Last week the state assembly passed SB 1010, a bill that has been touted as having the power to eliminate what many call “California’s racist drug laws.” The bill eliminates disparities in punishment for possession of cocaine—both in crack and powder form for sale. Differences in sentencing have resulted in racial discrimination. SB 1010 makes the sentences for possession of crack cocaine for sale the same as sentencing for sale of powder cocaine. In the past, the sentencing structure for crack cocaine has been more severe than powder. According to studies, police have targeted their “war on drugs” on low-income neighborhoods and minority communities, despite widespread use in other urban areas. However, people of color—African Americans and Hispanics—account for 98 percent of those sent to prison for possession of crack cocaine for sale. From 2005 to 2010, Whites made up less than 2 percent of all people sent to California prisons for possession of crack cocaine for sale, despite the fact that Whites make up almost 40 percent of California’s population. African Americans only make up 6.6 percent of the state’s population; however, they account for 77.4 percent of the state prison population imprisoned for the same offense. The next stop for SB 1010 is the governor’s desk.
A mother of four in Winter Haven was arrested last week for leaving her kids in a park while she went to a food bank. Ashley Richardson, 28, was taken into custody after a police officer noticed four kids, ages 6 to 8, playing in the park without adult supervision. The officer watched the children from her patrol unit and waited for the mother to return. Before Richardson returned, one of the kids got his leg caught in a swing and the fire department was called to get him out. After two more hours, the mom was still nowhere in sight, according to police. When she finally returned, police arrested her. Her case is pending.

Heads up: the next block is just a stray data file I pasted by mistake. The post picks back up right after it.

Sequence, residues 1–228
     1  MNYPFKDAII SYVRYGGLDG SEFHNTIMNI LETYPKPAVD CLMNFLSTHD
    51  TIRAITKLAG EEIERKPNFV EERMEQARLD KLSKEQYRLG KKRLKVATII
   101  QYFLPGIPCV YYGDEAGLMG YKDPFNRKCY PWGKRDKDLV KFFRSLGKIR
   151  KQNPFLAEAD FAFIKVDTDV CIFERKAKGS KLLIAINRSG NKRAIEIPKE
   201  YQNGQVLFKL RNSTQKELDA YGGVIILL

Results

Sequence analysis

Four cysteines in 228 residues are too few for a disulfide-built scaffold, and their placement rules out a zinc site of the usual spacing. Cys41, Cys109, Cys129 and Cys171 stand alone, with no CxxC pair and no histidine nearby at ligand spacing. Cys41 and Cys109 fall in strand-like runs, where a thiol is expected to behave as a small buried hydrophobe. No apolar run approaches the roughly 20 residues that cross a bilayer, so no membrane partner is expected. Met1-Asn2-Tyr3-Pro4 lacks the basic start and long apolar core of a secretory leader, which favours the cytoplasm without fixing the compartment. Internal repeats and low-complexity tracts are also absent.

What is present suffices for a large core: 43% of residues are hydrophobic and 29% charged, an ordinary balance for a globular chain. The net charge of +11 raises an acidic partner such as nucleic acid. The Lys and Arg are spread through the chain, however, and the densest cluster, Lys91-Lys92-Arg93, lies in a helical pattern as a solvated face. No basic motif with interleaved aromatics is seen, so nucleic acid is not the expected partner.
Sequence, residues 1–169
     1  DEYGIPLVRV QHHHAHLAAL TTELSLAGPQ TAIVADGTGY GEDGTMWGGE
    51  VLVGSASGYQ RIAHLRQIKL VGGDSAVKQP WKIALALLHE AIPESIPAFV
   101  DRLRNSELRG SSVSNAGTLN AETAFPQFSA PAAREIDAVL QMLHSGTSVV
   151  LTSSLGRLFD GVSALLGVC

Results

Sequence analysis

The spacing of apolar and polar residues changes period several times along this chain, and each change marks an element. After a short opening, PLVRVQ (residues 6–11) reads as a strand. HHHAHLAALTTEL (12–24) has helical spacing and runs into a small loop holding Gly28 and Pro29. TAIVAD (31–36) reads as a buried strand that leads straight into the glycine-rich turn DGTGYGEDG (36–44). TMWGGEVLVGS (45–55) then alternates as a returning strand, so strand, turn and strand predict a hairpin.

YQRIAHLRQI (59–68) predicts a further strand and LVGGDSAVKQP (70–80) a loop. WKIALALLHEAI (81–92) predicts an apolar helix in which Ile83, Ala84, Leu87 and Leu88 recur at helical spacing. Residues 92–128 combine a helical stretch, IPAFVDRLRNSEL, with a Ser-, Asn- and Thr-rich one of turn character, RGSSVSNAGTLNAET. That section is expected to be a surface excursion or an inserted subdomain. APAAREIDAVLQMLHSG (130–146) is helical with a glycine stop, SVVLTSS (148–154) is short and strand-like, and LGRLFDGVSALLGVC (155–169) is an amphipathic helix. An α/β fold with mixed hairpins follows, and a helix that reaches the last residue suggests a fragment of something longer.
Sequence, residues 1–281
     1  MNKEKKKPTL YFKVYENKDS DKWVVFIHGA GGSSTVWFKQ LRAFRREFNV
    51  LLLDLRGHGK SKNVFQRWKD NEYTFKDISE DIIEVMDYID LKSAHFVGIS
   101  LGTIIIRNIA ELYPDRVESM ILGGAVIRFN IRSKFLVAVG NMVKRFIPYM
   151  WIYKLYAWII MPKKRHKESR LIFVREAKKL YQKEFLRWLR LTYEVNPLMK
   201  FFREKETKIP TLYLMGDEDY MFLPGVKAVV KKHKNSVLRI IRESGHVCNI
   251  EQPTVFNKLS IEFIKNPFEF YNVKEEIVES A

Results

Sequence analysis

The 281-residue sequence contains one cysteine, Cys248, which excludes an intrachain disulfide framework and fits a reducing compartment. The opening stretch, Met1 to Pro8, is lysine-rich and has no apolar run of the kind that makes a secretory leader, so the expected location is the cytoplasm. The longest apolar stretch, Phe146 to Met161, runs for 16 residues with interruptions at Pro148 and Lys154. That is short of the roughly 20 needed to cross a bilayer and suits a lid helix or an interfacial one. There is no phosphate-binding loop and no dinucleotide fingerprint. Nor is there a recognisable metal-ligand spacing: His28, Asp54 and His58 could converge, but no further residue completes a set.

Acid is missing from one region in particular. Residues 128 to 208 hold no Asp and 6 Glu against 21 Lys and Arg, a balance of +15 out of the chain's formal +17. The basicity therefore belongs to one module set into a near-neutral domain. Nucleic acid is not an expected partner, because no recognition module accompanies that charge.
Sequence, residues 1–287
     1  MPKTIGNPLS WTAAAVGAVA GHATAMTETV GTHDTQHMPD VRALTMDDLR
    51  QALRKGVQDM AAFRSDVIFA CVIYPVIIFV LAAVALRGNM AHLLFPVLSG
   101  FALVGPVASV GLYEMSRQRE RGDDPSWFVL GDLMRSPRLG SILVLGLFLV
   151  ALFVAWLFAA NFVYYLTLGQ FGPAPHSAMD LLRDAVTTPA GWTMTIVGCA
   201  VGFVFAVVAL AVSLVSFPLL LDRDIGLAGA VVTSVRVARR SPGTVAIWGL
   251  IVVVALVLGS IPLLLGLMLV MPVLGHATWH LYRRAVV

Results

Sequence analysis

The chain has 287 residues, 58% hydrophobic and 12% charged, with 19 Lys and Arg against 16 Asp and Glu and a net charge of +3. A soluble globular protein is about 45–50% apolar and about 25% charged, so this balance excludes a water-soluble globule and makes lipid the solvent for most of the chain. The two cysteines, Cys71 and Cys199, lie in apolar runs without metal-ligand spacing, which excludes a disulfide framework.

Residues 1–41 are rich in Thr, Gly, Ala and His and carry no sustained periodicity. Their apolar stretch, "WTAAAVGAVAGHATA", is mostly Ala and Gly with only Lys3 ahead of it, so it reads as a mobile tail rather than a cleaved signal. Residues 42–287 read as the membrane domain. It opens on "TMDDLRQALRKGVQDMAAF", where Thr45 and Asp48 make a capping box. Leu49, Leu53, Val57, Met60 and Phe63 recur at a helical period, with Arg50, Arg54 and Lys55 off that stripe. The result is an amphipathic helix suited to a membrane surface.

The search for a new president for Grambling University has been extended from October 2014 to spring 2015. “During the May committee meeting, we indicated that the search timeline would likely be delayed if we chose to go through the state’s rigorous Request for Proposals (RFP) process to secure a search firm with HBCU experience,” said Sandra K. Woodley, president of the University of Louisiana System. Grambling’s current president, Frank G. Pogue, announced his resignation in June. Veteran educator Cynthia Warrick will serve as interim president of the prestigious Historically Black College (HBCU) until a president is selected by the search committee next year.
The scene in Ferguson, where a young and unarmed Black man was shot and killed by police on Aug. 9, continues to unfold. Civil unrest, reported arrests of legitimate journalists and intervention from the state and federal authorities have added to the rapidly changing scene. On Aug. 14, the governor of Missouri, Jay Nixon, ordered Ferguson police to withdraw from handling the scene and asked the Missouri State Patrol to step in instead. Also last week, U.S. Attorney General Eric Holder made it clear that federal authorities were launching their own investigations into the incident. The FBI, the U.S. Justice Department’s Civil Rights Division and the U.S. Attorney’s office are all involved in investigating the situation. The community continues to protest and violence has erupted at some points during the time since 18-year-old Michael Brown was shot multiple times by officer Darren Wilson. Several witnesses have come forward and said that Brown tried to surrender after being fired upon initially, but the officer continued firing, killing the teen. Earlier this week, an autopsy conducted at the family’s request, revealed that Brown was shot six times, including twice in the head. On Aug. 12, President Barack Obama issued a statement from the White House, encouraging people to remain calm while federal, state and local agencies conduct their investigations.